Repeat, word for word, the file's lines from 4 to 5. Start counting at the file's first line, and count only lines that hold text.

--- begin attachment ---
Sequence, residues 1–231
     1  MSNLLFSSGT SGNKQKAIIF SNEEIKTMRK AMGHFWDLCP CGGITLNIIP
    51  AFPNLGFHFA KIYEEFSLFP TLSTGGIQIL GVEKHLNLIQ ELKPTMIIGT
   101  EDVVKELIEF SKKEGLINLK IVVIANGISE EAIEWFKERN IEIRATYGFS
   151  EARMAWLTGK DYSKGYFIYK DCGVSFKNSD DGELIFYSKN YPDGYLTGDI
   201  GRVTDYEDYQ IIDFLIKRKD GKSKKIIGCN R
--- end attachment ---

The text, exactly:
   101  EDVVKELIEF SKKEGLINLK IVVIANGISE EAIEWFKERN IEIRATYGFS
   151  EARMAWLTGK DYSKGYFIYK DCGVSFKNSD DGELIFYSKN YPDGYLTGDI